With a New Safety Rating System on the Way, Trucking Companies Need to Step Up

With a New Safety Rating System on the Way, Trucking Companies Need to Step UpA fundamental expectation among drivers is that the commercial trucks sharing the highways have undergone rigorous safety assessments, ensuring that they meet the necessary standards to operate safely. Unfortunately, the current truck safety rating system falls significantly short of fulfilling this crucial requirement. With a majority of freight carriers lacking a safety rating, a glaring gap exists in our ability to verify the safety fitness of the majority of trucks on the road.

The Federal Motor Carrier Safety Administration’s (FMCSA) existing Safety Fitness Determination (SFD) process has come under scrutiny for its loopholes, allowing carriers to operate without adequate oversight. The urgent need for a more robust and dependable safety rating system is evident to keep everyone on the road safe, and to enhance public confidence in the trucking industry’s commitment to safety.

Whether or not this safety rating system is improved, it is important to understand that the trucking companies themselves have a duty of care to keep the roads safe by taking responsibility for the maintenance of their trucks and the training of their drivers. The safety rating system is there to check that truck companies are doing their due diligence, but trucking companies are in charge of making their trucks safe whether there’s a rating system or not.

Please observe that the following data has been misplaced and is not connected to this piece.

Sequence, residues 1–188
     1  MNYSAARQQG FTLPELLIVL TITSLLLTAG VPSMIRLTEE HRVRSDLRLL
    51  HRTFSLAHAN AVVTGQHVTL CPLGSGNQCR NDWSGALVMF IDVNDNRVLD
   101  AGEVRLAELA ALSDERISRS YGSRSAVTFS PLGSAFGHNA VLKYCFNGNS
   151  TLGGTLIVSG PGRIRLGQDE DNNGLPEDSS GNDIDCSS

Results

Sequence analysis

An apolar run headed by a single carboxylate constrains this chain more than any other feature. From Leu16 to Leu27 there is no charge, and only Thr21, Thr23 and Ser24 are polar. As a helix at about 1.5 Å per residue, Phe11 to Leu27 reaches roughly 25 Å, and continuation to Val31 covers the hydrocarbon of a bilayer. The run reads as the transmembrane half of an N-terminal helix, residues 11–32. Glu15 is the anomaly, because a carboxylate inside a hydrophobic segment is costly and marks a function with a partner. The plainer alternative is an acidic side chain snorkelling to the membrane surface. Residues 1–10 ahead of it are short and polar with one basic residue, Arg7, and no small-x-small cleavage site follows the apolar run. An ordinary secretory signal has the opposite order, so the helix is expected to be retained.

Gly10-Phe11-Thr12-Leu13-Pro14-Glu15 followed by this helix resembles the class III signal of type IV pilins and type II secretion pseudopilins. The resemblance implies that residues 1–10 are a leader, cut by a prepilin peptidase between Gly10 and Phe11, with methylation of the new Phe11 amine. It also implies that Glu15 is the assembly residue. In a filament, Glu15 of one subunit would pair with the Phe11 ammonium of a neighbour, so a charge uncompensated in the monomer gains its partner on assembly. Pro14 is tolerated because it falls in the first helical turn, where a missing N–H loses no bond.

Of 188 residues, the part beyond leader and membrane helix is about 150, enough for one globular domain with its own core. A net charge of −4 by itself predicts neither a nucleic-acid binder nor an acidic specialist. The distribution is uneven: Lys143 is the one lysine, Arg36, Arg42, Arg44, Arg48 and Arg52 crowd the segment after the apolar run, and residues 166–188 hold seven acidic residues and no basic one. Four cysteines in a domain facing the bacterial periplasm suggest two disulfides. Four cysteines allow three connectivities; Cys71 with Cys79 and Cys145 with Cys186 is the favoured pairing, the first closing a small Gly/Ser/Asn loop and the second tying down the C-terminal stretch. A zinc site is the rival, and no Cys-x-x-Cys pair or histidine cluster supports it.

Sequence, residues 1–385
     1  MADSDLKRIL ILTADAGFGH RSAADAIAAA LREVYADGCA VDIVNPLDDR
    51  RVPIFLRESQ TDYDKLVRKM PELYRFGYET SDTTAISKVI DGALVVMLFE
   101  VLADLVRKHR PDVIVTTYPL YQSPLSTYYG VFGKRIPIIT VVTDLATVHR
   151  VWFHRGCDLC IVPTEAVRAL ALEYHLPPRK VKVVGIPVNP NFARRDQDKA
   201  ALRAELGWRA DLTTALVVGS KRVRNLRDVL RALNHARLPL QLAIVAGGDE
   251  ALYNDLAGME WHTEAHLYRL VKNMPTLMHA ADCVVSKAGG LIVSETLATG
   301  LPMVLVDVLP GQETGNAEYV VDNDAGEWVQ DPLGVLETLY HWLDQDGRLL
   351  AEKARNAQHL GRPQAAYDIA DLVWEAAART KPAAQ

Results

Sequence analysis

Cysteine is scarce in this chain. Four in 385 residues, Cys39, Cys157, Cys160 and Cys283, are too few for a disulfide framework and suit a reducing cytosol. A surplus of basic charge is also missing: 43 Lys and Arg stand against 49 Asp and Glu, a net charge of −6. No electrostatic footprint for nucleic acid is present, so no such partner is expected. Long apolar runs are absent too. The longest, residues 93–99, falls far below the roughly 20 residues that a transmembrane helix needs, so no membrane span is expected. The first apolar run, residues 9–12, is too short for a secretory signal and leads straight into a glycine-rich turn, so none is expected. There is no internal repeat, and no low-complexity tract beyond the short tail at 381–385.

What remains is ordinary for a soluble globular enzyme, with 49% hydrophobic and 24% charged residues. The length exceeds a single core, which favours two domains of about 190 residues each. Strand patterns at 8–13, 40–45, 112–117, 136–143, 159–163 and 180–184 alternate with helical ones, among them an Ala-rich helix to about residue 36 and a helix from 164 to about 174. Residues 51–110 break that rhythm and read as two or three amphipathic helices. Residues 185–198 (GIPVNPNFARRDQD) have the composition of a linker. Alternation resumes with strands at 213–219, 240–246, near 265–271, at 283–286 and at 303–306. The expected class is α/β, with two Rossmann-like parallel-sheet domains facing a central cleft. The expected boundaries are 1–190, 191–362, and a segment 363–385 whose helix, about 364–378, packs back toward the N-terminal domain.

Who should be in charge of keeping trucks safe?

Trucking industry leaders are urging the FMCSA to assign safety ratings to carriers without such designations, which currently applies to over 90% of the freight market. The agency’s data reveals that, out of 690,091 eligible carriers in 2021, approximately 94% lacked a safety rating. Major trucking companies and brokers argue that a system rating less than 10% of the eligible population is unacceptable.

The problem with this argument is that it takes the burden of ensuring safety away from the trucking companies – companies that should be following state and federal laws and regulations to keep their own fleets safe. The trucking industry is making this push with the FMCSA because they want to push the burden of vetting carriers and drivers to the government. Then when they have bad carriers which cause horrible damages, they can throw their hands up and say it’s the government’s fault.